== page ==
Since 1979 more than 125,000 animals have been treated by Wildlife Rescue.
Thanks to the support of individuals like you, Wildlife Rescue can provide a lifeline for animals in distress.
Known to be special birds that spend much of their time in certain parts of British Columbia, Nighthawks are essential to our environment. Even though they might not be easy to find due to their nocturnal habits, these birds contribute so much to our ecosystem. Unfortunately, they also need our help. Studies by the North American Breeding Bird Survey have revealed that Common Nighthawk populations decline at the rate of 4% a year in Canada, populations going through a steep annual decline since the 60s.
Many factors contribute to this decline in population, but a few main factors are the central cause. The loss of insects such as mosquitoes to pesticides has led to a loss of the main food source for nighthawks. As well, nighthawks have been subject to getting hit by cars, since they tend to nest and forage by roads at night.
Fortunately, nighthawks are great at adapting! With the ability to nest in both rural and urban areas, Nighthawks can make a home on beaches, in forests, on rooftops, and even recently burned woodlands. Finding these birds might be hard, however. With a tendency to hunt insects (their main food source) at dawn and dusk, they are semi-nocturnal animals. Nighthawks mostly eat bugs – including wasps, crickets, moths, and beetles. While it is less likely, they may also eat vegetation.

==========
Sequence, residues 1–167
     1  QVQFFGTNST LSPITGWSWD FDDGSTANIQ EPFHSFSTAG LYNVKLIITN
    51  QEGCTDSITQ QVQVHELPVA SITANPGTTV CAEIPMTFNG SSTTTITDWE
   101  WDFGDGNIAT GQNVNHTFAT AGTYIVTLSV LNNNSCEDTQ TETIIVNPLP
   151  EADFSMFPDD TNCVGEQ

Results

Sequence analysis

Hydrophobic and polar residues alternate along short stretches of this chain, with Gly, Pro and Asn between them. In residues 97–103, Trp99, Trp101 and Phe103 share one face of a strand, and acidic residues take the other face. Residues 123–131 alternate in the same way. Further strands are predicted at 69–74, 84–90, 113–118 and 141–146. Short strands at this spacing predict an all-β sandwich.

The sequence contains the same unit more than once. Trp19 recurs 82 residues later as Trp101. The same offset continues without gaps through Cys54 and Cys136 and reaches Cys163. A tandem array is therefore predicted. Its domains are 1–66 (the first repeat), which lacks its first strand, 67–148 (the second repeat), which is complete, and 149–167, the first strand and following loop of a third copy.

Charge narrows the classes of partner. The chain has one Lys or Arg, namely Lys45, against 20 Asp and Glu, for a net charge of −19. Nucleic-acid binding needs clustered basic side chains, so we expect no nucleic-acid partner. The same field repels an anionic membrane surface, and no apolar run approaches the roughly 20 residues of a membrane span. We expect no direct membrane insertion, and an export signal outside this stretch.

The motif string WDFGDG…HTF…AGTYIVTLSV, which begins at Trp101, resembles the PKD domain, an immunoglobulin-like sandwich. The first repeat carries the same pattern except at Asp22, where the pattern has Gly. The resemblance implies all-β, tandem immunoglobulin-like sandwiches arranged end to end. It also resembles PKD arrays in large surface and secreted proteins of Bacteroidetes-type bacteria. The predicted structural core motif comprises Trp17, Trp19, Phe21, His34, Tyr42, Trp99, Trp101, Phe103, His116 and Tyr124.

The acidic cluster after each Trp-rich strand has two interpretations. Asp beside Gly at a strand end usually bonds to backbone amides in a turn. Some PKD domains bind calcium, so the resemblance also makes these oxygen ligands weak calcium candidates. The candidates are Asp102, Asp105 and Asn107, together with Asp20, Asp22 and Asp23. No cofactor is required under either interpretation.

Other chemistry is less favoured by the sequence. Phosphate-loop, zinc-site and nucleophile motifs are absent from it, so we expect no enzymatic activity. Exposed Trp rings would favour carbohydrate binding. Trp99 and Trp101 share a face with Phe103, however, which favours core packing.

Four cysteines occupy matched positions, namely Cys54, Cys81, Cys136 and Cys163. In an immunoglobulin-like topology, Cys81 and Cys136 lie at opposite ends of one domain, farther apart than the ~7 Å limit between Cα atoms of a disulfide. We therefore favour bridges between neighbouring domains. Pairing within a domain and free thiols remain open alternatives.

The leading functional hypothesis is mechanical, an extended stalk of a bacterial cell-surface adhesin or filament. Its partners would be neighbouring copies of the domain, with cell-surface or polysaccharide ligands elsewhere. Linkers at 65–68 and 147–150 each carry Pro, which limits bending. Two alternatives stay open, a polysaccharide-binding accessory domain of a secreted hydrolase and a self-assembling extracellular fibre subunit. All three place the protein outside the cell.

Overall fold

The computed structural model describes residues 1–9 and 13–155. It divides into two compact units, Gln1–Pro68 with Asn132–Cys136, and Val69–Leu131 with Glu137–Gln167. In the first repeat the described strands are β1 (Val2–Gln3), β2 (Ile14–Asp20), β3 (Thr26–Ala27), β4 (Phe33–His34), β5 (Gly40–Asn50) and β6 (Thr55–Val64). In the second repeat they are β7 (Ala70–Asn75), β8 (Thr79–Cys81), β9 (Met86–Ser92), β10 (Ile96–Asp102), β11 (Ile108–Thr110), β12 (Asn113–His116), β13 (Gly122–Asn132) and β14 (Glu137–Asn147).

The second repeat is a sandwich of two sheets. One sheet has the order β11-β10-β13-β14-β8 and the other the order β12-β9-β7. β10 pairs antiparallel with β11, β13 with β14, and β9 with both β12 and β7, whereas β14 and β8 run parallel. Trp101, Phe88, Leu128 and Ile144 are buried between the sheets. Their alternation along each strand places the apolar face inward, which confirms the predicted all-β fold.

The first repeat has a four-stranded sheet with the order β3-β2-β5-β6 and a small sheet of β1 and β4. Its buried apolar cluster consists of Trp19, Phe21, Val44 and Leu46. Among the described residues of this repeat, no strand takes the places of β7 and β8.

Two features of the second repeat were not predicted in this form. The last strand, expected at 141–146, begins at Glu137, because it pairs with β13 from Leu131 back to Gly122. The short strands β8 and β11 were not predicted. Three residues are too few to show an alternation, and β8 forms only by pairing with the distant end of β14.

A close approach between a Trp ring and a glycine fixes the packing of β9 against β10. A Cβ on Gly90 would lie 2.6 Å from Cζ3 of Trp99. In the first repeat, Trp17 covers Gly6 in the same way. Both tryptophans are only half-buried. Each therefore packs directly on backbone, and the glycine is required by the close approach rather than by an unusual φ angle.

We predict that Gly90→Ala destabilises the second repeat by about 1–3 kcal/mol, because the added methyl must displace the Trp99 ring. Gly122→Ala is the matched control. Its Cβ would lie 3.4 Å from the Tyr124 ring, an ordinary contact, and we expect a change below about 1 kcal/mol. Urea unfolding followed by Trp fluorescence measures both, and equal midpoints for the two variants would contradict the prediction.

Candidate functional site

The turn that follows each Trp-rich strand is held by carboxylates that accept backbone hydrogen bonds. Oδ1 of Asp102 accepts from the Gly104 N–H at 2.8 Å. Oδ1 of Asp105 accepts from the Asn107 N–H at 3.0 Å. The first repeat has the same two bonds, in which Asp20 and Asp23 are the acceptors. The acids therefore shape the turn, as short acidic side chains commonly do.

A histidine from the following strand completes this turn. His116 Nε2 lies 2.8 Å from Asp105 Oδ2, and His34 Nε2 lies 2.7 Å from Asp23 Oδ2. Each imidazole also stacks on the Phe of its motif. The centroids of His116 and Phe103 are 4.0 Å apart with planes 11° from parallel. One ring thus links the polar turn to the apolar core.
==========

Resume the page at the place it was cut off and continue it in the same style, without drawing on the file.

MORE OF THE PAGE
Nests can typically be spotted on the ground in forests and even on certain gravel beaches. Different from the typical nature of birds, Nighthawks lay their eggs directly on the ground, where the eggs will be surrounded by materials such as moss, gravel and leaves.
How to Help
While we may not see Nighthawks every day, they still need our help. Thankfully, there are many things we can do to keep them safe, such as…
Of course, helping injured Nighthawks is a great way to help! If you see a bird that has exposed bone or blood, bugs or insects covering it, no feathers, or a bird that is sleeping, human intervention is required. Call Wildlife Rescue’s Support Centre at 604-526-7275. To help us return your call quickly, please leave your contact information and observation.
There are so many unique feathered friends in British Columbia that need our help – let’s give them a hand!